At waterTALENT, we believe one part of the overall solution is creating an on-call, nationwide team of licensed, experienced operators who can fill any temporary role left by an unexpected vacancy in a water or wastewater utility. As the pool of experienced operators shrinks, the industry needs a solution that can help utilities and districts flex through staff transitions, while maintaining uninterrupted compliance and avoiding any costly downtime. waterTALENT’s pool of over 500 top-tier, licensed, and vetted water and wastewater operators spread across 36 states are ready to be deployed at a moment’s notice. These operators come equipped with a wide array of the skills and experience from decades of hands-on work inside plants and on field crews, from shift supervisor to chief plant operator to public works director.
As an industry, the water sector needs to embrace the fact that, while our best operators may have retired, their careers are far from over. The next mission for these experienced operators is to devote their time and energies to training the next generation of operators and ensuring that the systems they helped build are able to continue protecting the communities where they live. This service can come in a number of different forms: mentorship programs, training, knowledge transfer, standard operating procedure updates, and transitional leadership to help utilities plan for the next generation of successful operations.
The vast majority of senior, professional, experienced operators we have worked with are eager to continue to serve the community and are concerned that they’re leaving the helm of a ship not set for fairer seas. Every one of our operators is concerned with the next generation of operators, their professional development, and their ability to operate and maintain the infrastructure that took decades to build. Perhaps most importantly, the senior operators in the water and wastewater community still believe in the mission to protect public health and the environment and know what it takes to do so.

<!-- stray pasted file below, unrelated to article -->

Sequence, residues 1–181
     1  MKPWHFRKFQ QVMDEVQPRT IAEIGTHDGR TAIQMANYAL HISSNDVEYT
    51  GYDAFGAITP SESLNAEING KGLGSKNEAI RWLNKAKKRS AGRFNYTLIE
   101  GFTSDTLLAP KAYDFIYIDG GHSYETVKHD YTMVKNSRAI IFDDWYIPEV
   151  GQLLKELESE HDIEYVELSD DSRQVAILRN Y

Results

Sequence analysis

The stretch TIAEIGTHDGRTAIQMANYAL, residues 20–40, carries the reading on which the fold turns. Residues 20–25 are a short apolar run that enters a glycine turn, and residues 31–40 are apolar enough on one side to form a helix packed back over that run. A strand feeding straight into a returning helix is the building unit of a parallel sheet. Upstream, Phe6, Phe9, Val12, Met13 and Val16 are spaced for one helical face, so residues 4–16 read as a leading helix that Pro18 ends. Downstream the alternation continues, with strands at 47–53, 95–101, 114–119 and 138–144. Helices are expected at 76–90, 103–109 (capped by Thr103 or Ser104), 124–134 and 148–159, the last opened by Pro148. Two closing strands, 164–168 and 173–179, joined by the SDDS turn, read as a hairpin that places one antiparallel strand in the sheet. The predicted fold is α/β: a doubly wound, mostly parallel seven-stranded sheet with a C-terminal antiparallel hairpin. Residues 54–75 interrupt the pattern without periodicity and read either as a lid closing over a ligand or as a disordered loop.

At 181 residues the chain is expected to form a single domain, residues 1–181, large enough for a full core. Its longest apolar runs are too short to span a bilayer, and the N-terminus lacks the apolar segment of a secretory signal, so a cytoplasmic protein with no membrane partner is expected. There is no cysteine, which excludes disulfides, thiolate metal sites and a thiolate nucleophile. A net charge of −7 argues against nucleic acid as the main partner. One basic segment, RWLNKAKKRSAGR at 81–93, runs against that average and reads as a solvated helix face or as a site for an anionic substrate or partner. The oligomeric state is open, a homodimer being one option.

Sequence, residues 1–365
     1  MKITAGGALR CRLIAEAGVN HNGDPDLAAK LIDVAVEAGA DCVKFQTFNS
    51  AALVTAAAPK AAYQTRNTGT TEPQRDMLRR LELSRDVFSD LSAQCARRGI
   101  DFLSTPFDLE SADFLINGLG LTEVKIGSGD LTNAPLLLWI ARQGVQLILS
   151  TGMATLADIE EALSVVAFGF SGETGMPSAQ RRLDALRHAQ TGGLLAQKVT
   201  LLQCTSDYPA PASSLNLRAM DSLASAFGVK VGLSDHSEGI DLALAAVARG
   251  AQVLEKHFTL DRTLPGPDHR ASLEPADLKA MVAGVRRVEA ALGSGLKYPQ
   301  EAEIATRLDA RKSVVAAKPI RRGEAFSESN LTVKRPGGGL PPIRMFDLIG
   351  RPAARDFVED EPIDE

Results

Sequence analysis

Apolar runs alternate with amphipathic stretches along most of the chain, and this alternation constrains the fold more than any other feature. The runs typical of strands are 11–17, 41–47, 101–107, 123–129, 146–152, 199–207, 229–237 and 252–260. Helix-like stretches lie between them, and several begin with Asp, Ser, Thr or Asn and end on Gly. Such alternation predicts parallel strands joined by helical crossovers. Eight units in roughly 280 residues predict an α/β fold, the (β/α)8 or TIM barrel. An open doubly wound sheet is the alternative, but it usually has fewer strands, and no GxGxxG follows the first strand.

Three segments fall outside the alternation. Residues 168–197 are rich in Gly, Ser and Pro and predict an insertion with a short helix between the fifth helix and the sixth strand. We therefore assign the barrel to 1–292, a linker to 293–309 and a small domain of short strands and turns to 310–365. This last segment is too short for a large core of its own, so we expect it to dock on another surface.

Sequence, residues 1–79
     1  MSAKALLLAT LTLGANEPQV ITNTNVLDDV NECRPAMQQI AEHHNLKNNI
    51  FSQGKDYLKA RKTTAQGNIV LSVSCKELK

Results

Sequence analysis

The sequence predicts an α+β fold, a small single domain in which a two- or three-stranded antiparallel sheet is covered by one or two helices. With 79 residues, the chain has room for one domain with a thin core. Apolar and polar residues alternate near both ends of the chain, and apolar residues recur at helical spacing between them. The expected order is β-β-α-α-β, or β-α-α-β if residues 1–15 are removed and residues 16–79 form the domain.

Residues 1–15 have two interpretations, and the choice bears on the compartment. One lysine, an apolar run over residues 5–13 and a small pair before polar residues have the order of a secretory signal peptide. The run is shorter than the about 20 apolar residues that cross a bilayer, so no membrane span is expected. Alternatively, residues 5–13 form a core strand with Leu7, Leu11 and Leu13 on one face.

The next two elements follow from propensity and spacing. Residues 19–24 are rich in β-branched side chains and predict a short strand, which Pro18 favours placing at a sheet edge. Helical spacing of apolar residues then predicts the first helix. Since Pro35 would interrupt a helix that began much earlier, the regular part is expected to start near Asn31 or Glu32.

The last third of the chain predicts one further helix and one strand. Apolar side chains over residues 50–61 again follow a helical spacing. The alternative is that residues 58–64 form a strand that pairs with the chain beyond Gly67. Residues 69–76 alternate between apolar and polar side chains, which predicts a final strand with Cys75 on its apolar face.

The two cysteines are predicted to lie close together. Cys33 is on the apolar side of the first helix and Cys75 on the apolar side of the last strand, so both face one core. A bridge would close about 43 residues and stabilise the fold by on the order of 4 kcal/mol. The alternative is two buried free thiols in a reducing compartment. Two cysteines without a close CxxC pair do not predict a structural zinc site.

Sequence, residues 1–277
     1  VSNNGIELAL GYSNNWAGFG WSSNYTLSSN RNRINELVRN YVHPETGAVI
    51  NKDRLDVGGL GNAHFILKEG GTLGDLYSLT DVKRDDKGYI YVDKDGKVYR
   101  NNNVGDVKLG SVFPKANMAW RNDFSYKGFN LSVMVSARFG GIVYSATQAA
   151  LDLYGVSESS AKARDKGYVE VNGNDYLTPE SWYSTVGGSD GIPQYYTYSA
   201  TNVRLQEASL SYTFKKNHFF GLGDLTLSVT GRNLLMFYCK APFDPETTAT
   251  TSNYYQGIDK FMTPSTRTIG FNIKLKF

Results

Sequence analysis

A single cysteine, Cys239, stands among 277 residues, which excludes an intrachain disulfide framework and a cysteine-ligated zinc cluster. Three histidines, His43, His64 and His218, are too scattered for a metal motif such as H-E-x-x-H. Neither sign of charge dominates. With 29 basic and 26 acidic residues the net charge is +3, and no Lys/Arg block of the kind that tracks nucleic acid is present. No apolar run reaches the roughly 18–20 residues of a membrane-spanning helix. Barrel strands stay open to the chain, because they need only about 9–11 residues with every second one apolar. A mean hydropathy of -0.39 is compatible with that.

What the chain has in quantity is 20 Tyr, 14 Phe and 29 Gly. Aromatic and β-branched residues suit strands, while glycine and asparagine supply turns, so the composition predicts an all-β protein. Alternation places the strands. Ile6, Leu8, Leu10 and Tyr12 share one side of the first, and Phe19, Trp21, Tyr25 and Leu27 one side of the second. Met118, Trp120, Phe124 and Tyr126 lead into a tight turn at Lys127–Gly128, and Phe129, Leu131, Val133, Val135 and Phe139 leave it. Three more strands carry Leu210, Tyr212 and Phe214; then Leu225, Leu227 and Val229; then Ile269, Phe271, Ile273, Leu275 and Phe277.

With each passing day, cities, districts, agencies, and companies are feeling the demographic pressures as their senior operators look towards retirement. Nothing will prevent these departures from happening; demography is destiny, and trying to reverse the trend of retirements is a fruitless effort. What we can do is be proactive, be flexible, plan for the long term, and have support of the short-term transition we’re facing right now.
About The Author
Peter Brooks is the vice president of waterTALENT, a service that provides licensed water and wastewater operational expertise through a team of 500 operators across 36 states. Previously, he was the Director of Business Development for NLine Energy and worked in business development and corporate strategy for Xylem. Brooks also researched drinking water challenges in India as a Fulbright Scholar and was the executive director of the Harvard Water Security Initiative. Earlier in his career, he served as an infantry officer in the U.S. Marine Corps, deploying twice to Al Anbar Province, Iraq, where he led hundreds of missions in support of counterinsurgency operations and attained the rank of Captain. Brooks has a B.A., MBA, and MPP from Harvard University. He is a member of the Public Advisory Committee of the Hi Desert Water District in Yucca Valley, CA, and a board member the Warrior-Scholar Project, a college preparation boot camp for military veterans. Brooks and his wife and daughter live in Los Angeles.